In a rich and wonderfully detailed 2011 article for the American Journal of Sociology, Donald Mackenzie lays out a case for “The Credit Crisis as a Problem in the Sociology of Knowledge.”
The global financial crisis, Mackenzie argues, was partly the result of particular and contingent “knowledge-generating arrangements”, which allowed the wildly mis-allocated risks of the US mortgage securities industry to accumulate and eventually implode. Research for the paper included detailed interviews with 87 financial market participants.
Mackenzie’s study has some fascinating things to say about the GFC. One of the most interesting is the exploration of contested values in market transactions, a topic of considerable interest to cultural economists and visual art market participants.
… this is a case in which the analysis of the “social processes behind the constitution of value” (Beckert 2009, p. 254) needs to look beyond the canonical mechanism. There is a substantial body of work by economic sociologists on these processes, mainly concerning contexts outside the financial markets and often—though not always—goods and services that are “singular” (Karpik 2010): not straightforwardly commensurable. The situations on which this literature has focused include those in which the legitimacy of a product or of monetary valuation is contested (see, e.g., Zelizer  on life insurance and Zelizer  on children); incommensurable forms of evaluation or “orders of worth” contend (Boltanski and Thévenot 2006; Stark 2009); perceptions of value interact with aesthetic judgments (e.g., Velthuis 2005; Aspers 2005); the quality of a product is inferred from the status of its producer (e.g., Podolny 1993, 2005; see Aspers 2009); or the value of a commodity to one buyer depends directly on anticipation of its value to other buyers (as in the case of dot-com stocks or houses bought in the anticipation of selling them to others at a higher price).
The paper is a timely one to recall in light of the current debates swirling around austerity. The economics blogs have of course been full of coverage recently of the slow disintegration of the “expansionary austerity” meme put forward by Alberto Alesina, and the embarrassing spreadsheet error made by economists Kenneth Rogoff and Carmen Reinhart.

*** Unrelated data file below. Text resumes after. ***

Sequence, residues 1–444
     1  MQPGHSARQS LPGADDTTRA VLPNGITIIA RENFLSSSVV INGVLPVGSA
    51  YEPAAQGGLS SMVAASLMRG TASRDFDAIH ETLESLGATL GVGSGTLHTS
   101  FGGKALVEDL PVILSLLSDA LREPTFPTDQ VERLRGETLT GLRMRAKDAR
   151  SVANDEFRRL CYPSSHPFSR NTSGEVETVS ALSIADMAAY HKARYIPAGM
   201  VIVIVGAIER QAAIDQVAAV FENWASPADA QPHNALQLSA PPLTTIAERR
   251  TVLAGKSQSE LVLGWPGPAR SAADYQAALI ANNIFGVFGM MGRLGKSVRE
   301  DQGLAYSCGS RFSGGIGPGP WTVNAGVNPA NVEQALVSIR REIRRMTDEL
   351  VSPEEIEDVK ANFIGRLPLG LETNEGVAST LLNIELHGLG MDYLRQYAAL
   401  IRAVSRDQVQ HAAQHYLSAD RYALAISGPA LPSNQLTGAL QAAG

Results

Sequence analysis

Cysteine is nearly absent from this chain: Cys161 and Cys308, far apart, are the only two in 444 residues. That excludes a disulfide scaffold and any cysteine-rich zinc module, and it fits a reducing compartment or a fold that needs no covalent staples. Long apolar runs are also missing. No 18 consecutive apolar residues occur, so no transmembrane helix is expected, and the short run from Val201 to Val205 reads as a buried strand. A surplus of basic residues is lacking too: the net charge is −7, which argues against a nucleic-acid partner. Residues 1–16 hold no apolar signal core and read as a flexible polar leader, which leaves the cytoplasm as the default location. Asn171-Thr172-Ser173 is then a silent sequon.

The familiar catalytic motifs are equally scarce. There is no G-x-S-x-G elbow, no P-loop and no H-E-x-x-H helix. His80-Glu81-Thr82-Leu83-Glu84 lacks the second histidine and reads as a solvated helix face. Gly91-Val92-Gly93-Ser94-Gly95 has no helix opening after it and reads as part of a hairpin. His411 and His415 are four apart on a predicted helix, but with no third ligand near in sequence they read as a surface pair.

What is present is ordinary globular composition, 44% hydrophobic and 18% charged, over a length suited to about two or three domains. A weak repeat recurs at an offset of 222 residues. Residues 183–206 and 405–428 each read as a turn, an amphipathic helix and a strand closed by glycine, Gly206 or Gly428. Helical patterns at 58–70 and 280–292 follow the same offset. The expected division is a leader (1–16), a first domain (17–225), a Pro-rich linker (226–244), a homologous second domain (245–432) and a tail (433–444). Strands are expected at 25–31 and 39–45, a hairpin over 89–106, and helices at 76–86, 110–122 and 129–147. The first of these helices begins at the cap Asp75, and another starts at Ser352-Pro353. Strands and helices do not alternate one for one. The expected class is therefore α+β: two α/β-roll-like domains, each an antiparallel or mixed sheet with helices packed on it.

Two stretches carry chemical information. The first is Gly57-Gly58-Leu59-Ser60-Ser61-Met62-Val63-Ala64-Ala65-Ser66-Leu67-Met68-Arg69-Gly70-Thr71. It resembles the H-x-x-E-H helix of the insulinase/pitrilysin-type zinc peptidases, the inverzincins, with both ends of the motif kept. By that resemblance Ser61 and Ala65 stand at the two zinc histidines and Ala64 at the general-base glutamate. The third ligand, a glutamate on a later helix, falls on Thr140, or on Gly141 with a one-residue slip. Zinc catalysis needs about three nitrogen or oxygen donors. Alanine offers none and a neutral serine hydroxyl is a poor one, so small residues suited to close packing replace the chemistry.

One of the reasons Mackenzie and other social constructionists are having a “very good crisis” is that the hugely contested nature of macroeconomics right now is an excellent fit for the sorts of analyses pioneered by science and technology studies researchers — for instance, Mackenzie’s early work on the development of nuclear missile guidance systems.
To see why, let’s segue to a recent series of posts by Noah Smith, in which he examines one of the key questions posed by the GFC: could it have been predicted?
The question is a highly pertinent one, and saturated in political and cultural complications. For some economists in the Chicago School, the very idea of efficient markets implies that asset bubbles are essentially impossible to spot. For Austrians or other revanchist proponents of Say’s Law like Steve Kates, the idea of money neutrality means that Keynesian stimulus spending is inherently counter-productive.
As Smith shows in a detailed examination of the ideas of Australian economist Steve Keen, a rigorous prediction of the GFC before it happened is actually hard to find. In an earlier post, Smith points out that most of the dynamic stochastic general equilibrium models (DSGE models) that were the stock-and-trade of policymakers in central banks did not predict the crisis at all well. After looking into Keen’s published work before 2007-08, Smith concludes that:
there is no Steve Keen model that predicted the recession and long stagnation that we’ve experienced. And in fact, there does not seem to be a “Post-Keynesian model” whose features closely resemble the financial crises and recessions that we see in the real world.
What we have here is a complex technical argument about the validity and usefulness of some very specific economic formulae. None of them seem to fit “reality” particularly well, although Smith says it is possible to create a DGSE model that can reproduce GFC-like behaviour … in a computer, of course.
Which brings me back to Mackenzie. Mackenzie’s book An Engine, Not a Camera, explains the huge epistemological challenges of model building — the archetypal activity of the modern economist and economic policy-maker. Model-building is not merely a way of understanding reality, but a series of constructions of it, and models in turn reflexively affect reality themselves — for instance by providing market participants with explanations and heuristic tools with which to hedge asset values and gamble on derivatives (e.g. the Black-Scholes model).
Perhaps this is why some economists in policy-making positions, such as Lawrence Summers, have turned away from model-based explanations of the GFC, and have instead returned to canonical analyses from economic history, such as Walter Bagehot and Charles Kindleberger. As Summers told Martin Wolf in 2011, “there are enormous amounts that are essentially distracting, confusing, and problem denying in the stuff that is the substance of the first year courses in most PhD programs.”